We mentioned going to Dublin to view an aircraft which was for sale. Here it is:
It’s a VANS RV6, built from a kit produced in Oregon. Both of my loyal readers may remember my trip to Inverness to view an RV-7 last year, and the subsequent purchase of a preview plans set (see April 2018 – for some reason I can’t embed a link here).
Vans are the most popular kit planes out there, with over 10,000 flying worldwide. G-RVIB was completed in 2002 and since then has flown about 1700hrs, including a monster epic trip to Cape Town. As it was for sale, and the price was right, and we could bypass the build process, we decided to go and have a look.
We took the ferry from Scotland and drove to Weston Airfield on the edge of Dublin. There we met the owner and saw the aircraft in the hangar:
First things first. Do I fit.? Do both of us fit? We went to see a lovely Lancair in the summer and while we did fit in it in terms of legroom, width and so on, we couldn’t get the canopy closed. So we had to let that one go.
Luckily there was headroom for both of us with headsets, so we got onto the serious stuff. First a good look at the cockpit and instrument panel:
The panel is well equipped, with good avionics (8.33 radio and Mode-S transponder), digital engine monitor, GPS unit feeding info to the autopilot and a tablet running Skydemon. Comfortable side by side seating with loads of legroom. The two red lights on the right are low fuel warnings for the auxiliary tanks installed in the wingtips – these increase capacity from 140 litres to about 210 giving up to 9 hours endurance if flown properly. My bladder would have exploded by then.
Notice the control columns festooned with buttons and switches. This is one half of what the military call HOTAS (Hands On Throttle And Stick) which means every button and switch you may need in flight is at your fingertips. No need to take your hands from the controls. In something meaty like an F/A-18 your fingertips can control talking on the radio, selecting and firing different weapons, operating the radar, changing the cockpit displays, switching from air-to-air mode to air-to-ground mode and many others. In this case there is a push-to-talk for the radio, elevator trim control, aileron trim control, autopilot disconnect, flap control and bomb release. I made the last one up.
Then it was time to inspect the engine…
And a look under the seats at all the stuff under there:
Once we’d looked at all that we could look at it was time to go for a quick flight…
No photos of the flight, I was too busy having fun. Brenda was watching from the restaurant and said the takeoff seemed really quick. The aircraft has a fixed pitch cruise prop so I wasn’t expecting anything sparkling but even so, the ground roll seemed quite short.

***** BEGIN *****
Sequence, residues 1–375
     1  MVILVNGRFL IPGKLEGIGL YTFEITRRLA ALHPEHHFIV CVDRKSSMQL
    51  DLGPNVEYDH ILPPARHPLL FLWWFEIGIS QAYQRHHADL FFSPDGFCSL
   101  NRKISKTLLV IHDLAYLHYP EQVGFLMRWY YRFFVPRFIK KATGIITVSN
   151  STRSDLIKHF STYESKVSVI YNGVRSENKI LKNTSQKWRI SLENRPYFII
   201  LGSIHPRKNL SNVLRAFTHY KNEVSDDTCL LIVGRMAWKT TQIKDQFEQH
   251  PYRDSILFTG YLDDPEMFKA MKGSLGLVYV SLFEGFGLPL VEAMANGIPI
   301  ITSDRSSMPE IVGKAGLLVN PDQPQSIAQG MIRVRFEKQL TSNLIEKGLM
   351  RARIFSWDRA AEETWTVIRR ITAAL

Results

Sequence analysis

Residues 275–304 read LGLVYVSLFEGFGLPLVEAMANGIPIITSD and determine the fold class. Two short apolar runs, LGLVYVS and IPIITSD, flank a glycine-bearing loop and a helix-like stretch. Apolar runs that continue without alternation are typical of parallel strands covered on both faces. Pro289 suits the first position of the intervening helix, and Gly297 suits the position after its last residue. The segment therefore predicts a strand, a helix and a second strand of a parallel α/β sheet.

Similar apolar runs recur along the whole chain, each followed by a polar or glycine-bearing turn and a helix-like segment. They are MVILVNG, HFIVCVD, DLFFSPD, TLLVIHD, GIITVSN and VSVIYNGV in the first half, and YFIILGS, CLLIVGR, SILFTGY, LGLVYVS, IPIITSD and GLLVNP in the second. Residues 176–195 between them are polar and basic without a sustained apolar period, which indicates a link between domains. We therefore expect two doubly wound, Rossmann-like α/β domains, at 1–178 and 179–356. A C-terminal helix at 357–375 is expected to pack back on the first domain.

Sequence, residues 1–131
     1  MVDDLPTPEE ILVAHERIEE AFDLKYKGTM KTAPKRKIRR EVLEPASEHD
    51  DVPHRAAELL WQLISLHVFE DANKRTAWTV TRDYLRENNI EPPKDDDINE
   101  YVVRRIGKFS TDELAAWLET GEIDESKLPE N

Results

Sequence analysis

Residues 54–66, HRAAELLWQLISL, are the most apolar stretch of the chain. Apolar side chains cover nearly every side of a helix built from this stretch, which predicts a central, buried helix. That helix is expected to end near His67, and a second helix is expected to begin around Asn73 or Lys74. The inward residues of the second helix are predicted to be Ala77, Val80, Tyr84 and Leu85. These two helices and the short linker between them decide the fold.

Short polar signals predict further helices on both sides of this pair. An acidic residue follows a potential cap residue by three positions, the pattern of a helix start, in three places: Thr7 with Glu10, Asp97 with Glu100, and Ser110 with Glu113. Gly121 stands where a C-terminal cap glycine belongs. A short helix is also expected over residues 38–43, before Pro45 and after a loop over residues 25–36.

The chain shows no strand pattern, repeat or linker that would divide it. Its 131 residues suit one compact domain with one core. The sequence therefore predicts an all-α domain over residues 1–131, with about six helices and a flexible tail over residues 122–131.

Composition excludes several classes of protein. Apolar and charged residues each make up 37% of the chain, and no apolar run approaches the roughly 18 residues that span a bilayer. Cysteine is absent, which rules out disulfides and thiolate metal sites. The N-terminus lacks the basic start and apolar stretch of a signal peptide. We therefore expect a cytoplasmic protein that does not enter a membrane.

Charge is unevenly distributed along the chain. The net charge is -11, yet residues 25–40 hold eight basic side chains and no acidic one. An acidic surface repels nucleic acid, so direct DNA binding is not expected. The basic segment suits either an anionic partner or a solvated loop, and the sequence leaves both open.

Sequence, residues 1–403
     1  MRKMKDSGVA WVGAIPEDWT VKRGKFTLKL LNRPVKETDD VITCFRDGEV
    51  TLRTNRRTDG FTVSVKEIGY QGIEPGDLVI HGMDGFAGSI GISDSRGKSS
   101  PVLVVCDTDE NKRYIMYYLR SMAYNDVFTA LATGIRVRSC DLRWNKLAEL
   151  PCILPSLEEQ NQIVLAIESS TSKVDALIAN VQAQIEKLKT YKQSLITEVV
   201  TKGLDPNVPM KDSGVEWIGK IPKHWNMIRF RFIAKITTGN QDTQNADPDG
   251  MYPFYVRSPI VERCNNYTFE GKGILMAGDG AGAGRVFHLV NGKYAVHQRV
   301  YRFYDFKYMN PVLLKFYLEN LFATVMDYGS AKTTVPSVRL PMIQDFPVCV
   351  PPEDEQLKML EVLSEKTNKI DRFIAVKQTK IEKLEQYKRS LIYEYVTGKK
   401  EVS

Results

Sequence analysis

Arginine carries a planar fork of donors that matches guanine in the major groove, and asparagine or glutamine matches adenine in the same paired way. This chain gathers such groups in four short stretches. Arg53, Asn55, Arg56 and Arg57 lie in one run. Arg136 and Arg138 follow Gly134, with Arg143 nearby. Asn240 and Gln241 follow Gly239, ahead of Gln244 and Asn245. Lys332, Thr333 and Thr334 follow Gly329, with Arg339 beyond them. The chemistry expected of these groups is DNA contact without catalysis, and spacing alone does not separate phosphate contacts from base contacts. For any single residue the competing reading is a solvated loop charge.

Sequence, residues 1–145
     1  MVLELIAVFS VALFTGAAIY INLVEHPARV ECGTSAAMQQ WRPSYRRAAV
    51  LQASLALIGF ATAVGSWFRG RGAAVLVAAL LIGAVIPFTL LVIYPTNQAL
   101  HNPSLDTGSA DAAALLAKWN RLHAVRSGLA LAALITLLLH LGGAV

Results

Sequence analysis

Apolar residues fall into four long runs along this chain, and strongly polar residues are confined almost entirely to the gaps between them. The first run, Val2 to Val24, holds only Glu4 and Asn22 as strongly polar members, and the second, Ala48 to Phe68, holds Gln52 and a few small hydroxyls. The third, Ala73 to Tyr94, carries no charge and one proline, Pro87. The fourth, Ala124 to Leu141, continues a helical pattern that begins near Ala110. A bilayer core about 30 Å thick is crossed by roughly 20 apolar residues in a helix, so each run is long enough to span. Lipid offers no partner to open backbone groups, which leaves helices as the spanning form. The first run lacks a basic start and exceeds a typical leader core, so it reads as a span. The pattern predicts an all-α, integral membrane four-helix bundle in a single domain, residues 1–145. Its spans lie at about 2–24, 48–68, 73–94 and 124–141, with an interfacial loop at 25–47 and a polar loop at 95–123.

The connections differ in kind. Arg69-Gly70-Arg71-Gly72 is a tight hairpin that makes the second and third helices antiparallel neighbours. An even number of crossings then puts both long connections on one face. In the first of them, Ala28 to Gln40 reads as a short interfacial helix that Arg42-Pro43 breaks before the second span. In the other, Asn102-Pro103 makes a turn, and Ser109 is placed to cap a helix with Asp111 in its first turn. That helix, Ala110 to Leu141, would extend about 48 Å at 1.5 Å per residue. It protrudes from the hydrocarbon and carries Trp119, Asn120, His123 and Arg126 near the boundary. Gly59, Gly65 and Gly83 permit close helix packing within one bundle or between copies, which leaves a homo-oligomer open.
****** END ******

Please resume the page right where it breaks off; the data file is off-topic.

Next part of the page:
What was interesting was the fact that as we accelerated, the prop was getting more and more efficient, and the speed just kept building up. I didn’t notice the speed at which we broke ground, but the sight picture was all wrong as we whipped over the airfield boundary in a gentle climbing turn to the right…I did glance in to check and saw 120 knots on the ASI, that’s 50 knots faster than the Sting would be going at the same point.
Levelling off under the Dublin TMA we continued to accelerate. Peter says the flat out cruise at low level is about 160 knots. Throttling back a little to save fuel can still give a respectable 140 knots – 20 faster than the Sting so good for going places.
Peter loves fuel efficiency. He has found that throttling right back to about 50% gives an indicated airspeed of 125 while flying at 8000 feet and a true airspeed of 135, while getting 5 nautical miles for every litre of fuel burnt. Great for going long distances, although we might have to buy some NASA nappies.
We floated around Ireland for a bit:
After landing I decided that I REALLY like this aircraft, but didn’t want to jump head first into anything. We agreed to meet the next day at the airfield for more discussion. I took the engineering worksheet folder to the hotel for some light reading and found it to be very well organised and neat, a complete record of work done on the aircraft since the beginning…if the paperwork is meticulous it gives an idea of the mentality of the owner and their attitude towards maintenance.
In this case, Peter is an accountant so it may just be “accountant’s neat” – but the aircraft and paperwork together offered a compelling argument.
So, YES, we agreed to buy the RV6. Excited!
The only problem is the registration. Sigurd Martin is Swedish phonetic alphabet for SM, the registration of the Sting. India Bravo translates as Ivar Bertil.
There is no way I’m changing the blog name to Ivar Bertil. No way. Sigurd Martin will just have to stand for something else. Like…Speed Machine?